Take the 2-minute tour ×
Stack Overflow is a question and answer site for professional and enthusiast programmers. It's 100% free, no registration required.

I am looking for a regular expression in php to parse a string of the following pattern. The command are wrapped by double square bracket as

[[a src="" desc=""]]

where a, src and desc are the keywords (won't be changed). src must be given but desc is optional, the value of src or desc can be wrapped by double or single quote. And src and desc could be given in any order. For example, the following patterns are all valid

[[a src="http://a.c.d" desc ="hello"]]
[[a src   ="http://a.c.d" desc= 'hello']]
[[a desc ="hello " src=  'http://a.c.d' ]]
[[a src = "http://a.c.d" ]]
[[a    src="http://a.c.d" desc ="hello"]]

any space between value and 'a', 'src', 'desc', '=' (without quotation) should be ignored. I am going to replace this command with html tag like


It seems pretty tough to think of one regex to do the work. Now I have 3 regex setup to handle difference cases separately. It looks like this

$pattern = '/\[\[a[:blank:]+src[:blank:]*=[:blank:]*"(.*?)"[:blank:]+desc[:blank:]*=[:blank:]+"(.*?)"\]\]/i';
$rtn = preg_replace($pattern, '<a href="${1}">${2}</a>', $src);

$pattern = '/\[\[a[:blank:]+desc[:blank:]*=[:blank:]*"(.*?)"[:blank:]+src[:blank:]*=[:blank:]+"(.*?)"\]\]/i';
$rtn = preg_replace($pattern, '<a href="${1}">${2}</a>', $rtn);

$pattern = '/\[\[a[:blank:]+src[:blank:]*=[:blank:]+"(.*?)"\]\]/i';
$rtn = preg_replace($pattern, '<a href="${1}">${2}</a>', $rtn);

But this doesn't work, regular expression is hard to learn :(

share|improve this question
What have you tried? –  Sithu Jan 24 '13 at 6:04
add comment

1 Answer

up vote 1 down vote accepted

I wrote a regular expression that matches everything you requested, but allows a bit of an overhead I''ll explain at the end. But first the regex:

Looks like this:


I'll brake it down so you can understand it:

  • \[\[ ... \]\] matches [[ ... ]], the beginning and ending
  • \s matches any whitespace (space and tab), \s+ expects at least one
  • (src|desc) matches either the string src or the string desc. It's an OR operator: match src OR desc.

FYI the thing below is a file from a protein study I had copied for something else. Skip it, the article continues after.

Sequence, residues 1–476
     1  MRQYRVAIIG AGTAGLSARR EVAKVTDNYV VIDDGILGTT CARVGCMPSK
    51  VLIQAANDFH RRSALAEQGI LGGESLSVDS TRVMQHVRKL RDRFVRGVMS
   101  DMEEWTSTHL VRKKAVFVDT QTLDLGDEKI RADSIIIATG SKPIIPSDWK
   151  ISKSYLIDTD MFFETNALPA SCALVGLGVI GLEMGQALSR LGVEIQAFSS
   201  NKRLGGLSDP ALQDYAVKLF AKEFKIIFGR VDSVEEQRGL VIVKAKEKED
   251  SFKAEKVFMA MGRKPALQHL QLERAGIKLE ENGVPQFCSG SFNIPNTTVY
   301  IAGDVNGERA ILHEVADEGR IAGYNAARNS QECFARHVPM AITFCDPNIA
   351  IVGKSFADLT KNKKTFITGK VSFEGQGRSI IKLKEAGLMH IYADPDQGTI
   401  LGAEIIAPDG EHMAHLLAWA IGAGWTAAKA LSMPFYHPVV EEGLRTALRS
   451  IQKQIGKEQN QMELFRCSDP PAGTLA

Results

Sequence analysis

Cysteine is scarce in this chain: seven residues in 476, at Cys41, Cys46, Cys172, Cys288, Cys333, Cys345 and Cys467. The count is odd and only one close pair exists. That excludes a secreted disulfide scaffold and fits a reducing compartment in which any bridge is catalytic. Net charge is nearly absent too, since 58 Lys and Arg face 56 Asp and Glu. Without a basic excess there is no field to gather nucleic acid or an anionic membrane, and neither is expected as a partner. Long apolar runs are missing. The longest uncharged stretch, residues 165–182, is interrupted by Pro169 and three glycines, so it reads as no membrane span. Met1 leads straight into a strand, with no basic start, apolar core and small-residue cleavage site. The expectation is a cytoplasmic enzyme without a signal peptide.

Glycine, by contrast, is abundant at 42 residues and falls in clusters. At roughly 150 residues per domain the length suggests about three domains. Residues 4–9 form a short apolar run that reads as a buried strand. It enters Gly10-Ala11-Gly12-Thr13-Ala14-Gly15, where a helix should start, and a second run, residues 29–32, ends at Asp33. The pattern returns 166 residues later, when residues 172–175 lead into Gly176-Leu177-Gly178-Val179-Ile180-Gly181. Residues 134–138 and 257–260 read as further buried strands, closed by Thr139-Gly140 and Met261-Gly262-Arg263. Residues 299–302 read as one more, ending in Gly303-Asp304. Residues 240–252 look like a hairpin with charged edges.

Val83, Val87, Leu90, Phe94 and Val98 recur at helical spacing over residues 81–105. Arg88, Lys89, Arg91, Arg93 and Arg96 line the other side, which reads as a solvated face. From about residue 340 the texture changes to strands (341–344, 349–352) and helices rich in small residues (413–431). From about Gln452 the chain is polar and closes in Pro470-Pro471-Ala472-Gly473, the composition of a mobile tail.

• '[^']*' matches two single quotes and anything in between that is not a single quote
  • "[^"]*" same with double quotes
  • ('[^']*'|"[^"]*") matches one of the above two
  • (src|desc)\s*=\s*('[^']*'|"[^"]*") matches a token like src='something'
  • {1,2} matches something once or twice, appending to the above expression, metches one or two of those tokens

And that's pretty much it. The only problem is that it will also match this:

[[a src="http://a.c.d" src="http://a.c.d"]]

Which I think is a mismatch. If it doesn't bother you, you're good to go, otherwise you'll need to change the whole concept of using a big atom with ors (i.e.: |) and take a different approach. You could use look-aheads for example. But it will get real nasty pretty fast.

You can test it online HERE

The regex is much more readable if I remove the backslashes and the \s stuffs. This won't work, but I think it will help you understand it:

[[a ( (src|desc)=('[^']*'|"[^"]*") ){1,2} ]]
share|improve this answer
Thanks SinistraD. It looks pretty neat though I still don't understand that pretty much. I just have one question. Since there mix ' and " in the pattern string. How to put that into a php string to avoid syntax error. I try your code by wrapping the pattern with ' ' or " " but either won't go. –  user1285419 Jan 24 '13 at 6:41
Use simple quote and add a backslash before every single quote in the string: e.g.: 'quote inside string:\' continuing string'. The backslashes used will not become part of the string, they will make the single quotes to become. –  SinistraD Jan 24 '13 at 6:44
Thanks a lot. It is a good starting point. I like the site you post for testing too, it helps me to learn regex too :) –  user1285419 Jan 24 '13 at 6:46
You're welcome, glad I could help. I always use that tool to build my regexes. It's really handy, that's why I recommend it in every regex answer I give. –  SinistraD Jan 24 '13 at 6:48
add comment

Your Answer


By posting your answer, you agree to the privacy policy and terms of service.

Not the answer you're looking for? Browse other questions tagged or ask your own question.